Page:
Easy Kubernetes

on google container engine

Posted on March 6, 2017

Following my earlier discussion of enterprise orchestration, I decided to look closer at hosted Kubernetes clusters from Google Cloud, Microsoft Azure, and AWS Cloud. To start with, I’ll be trying out the free trial of Google Container Engine.

Getting Started with GCloud

First off, I installed the GCloud SDK on my workstation, Ubuntu 16.04:

export CLOUD_SDK_REPO="cloud-sdk-$(lsb_release -c -s)"
echo "deb https://packages.cloud.google.com/apt $CLOUD_SDK_REPO main" | sudo tee -a /etc/apt/sources.list.d/google-cloud-sdk.list
curl https://packages.cloud.google.com/apt/doc/apt-key.gpg | sudo apt-key add -
sudo apt-get update && sudo apt-get install google-cloud-sdk kubectl
gcloud init

I then setup API credentials for my gcloud CLI. First I created a credential, then downloaded the key as JSON:


sudo gcloud auth activate-service-account --key-file MyProject-1234325.json

Create the Kubernetes Cluster

Then in Google Cloud Console, I created the new Kubernetes cluster:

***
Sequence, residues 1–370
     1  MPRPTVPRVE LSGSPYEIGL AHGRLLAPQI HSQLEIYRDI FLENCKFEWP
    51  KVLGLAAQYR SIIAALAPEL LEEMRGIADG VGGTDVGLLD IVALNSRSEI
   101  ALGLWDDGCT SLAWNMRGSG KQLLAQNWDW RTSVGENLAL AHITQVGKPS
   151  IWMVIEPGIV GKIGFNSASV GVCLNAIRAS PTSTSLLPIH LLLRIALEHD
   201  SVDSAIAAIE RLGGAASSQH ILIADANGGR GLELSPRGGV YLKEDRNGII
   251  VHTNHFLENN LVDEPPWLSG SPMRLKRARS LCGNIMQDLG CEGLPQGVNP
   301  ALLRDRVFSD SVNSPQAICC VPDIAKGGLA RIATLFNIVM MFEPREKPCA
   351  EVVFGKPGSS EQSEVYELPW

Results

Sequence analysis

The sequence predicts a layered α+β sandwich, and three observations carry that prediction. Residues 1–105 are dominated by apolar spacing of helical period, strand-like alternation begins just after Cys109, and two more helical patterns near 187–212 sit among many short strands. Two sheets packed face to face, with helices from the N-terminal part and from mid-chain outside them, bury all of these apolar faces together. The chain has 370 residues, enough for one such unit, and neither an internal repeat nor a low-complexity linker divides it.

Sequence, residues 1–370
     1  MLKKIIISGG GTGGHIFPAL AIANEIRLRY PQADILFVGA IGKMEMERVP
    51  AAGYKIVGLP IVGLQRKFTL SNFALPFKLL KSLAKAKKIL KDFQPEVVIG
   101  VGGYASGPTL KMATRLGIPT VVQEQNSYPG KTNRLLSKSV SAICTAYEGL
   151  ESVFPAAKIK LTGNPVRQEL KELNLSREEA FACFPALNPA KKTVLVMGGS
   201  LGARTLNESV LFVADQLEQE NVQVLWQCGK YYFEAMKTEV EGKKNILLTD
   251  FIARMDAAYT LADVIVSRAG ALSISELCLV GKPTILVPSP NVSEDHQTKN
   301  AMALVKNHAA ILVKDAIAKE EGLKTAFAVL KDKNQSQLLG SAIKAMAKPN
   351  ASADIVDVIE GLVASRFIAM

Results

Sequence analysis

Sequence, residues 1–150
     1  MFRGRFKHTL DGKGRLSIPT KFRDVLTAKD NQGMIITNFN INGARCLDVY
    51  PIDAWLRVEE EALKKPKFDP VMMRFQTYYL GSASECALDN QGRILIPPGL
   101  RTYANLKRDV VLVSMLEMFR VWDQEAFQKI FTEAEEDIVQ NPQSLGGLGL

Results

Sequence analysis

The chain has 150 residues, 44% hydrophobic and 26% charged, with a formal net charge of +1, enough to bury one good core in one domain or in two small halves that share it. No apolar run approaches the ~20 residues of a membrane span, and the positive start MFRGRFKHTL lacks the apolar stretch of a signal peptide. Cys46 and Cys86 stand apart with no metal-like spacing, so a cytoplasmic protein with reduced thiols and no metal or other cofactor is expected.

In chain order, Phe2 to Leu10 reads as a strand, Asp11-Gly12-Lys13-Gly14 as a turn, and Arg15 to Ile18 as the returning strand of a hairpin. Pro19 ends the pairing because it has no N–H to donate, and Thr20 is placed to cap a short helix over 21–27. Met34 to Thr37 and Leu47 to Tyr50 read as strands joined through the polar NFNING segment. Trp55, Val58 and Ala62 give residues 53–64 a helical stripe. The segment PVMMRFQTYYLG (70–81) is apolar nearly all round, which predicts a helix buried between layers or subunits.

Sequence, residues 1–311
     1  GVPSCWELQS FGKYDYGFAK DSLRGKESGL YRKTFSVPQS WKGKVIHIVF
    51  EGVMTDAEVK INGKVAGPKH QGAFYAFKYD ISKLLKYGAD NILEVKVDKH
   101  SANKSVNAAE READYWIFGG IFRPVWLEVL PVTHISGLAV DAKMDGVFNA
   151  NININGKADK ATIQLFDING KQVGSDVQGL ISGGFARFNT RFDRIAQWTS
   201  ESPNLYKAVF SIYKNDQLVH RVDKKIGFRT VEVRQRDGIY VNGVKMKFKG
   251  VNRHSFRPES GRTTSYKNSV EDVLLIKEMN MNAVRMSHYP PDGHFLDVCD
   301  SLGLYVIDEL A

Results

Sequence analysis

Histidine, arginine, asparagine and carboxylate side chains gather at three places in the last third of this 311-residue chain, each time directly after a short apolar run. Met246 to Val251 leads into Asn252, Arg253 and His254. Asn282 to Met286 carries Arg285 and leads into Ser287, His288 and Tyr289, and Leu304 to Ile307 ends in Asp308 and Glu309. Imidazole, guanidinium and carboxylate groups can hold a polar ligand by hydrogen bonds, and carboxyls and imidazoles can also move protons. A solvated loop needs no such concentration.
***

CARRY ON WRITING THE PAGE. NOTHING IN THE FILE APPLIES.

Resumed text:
After creation, the console showed the newly running Kubernetes cluster (3 nodes):


I then connected from my local kubectl util:

gcloud container clusters get-credentials mykube --zone us-central1-a --project <project-id>
kubectl proxy

This opened a local proxy to my Kubernetes cluster’s Admin Dashboard:


Which I then scaled from one to three pods with:

kubectl scale --replicas=3 deployment/nginx-test


Since, I’d set the nginx-test deployment to be available as an external service on the Kubernetes clsuter, I could view it in a browser from my workstation:


For more useful Kubernetes commands, see the kubectl documentation.

Monitoring and Logging

Google Cloud makes it easy to add both monitoring and logging of your Kubernetes cluster. For example, I could quickly find Nginx events from the launched pods:


The monitoring dashboard allows one to see CPU, memory, and disk usage (example below):


Stackdriver is free for GCP VM monitoring and email alerts. A premium tier offers combined monitoring of AWS instances as well, plus notifications in Slack, PagerDuty and more.


After evaluating various container orchestrators and cloud providers, I’m now convinced that:

  1. Distributed container orchestrators are the next operating system… required knowledge for software developers.
  2. As the leader in developer mind-share, Kubernetes has become the API to deploy against, offering portability amongst cloud providers.
  3. Use managed clusters, like GKE, rather than spending your time on bare-bones VMs.

Software development best practice is now containerized deployments on an industry-standard orchestator, run by your preferred cloud platform.

More in this series…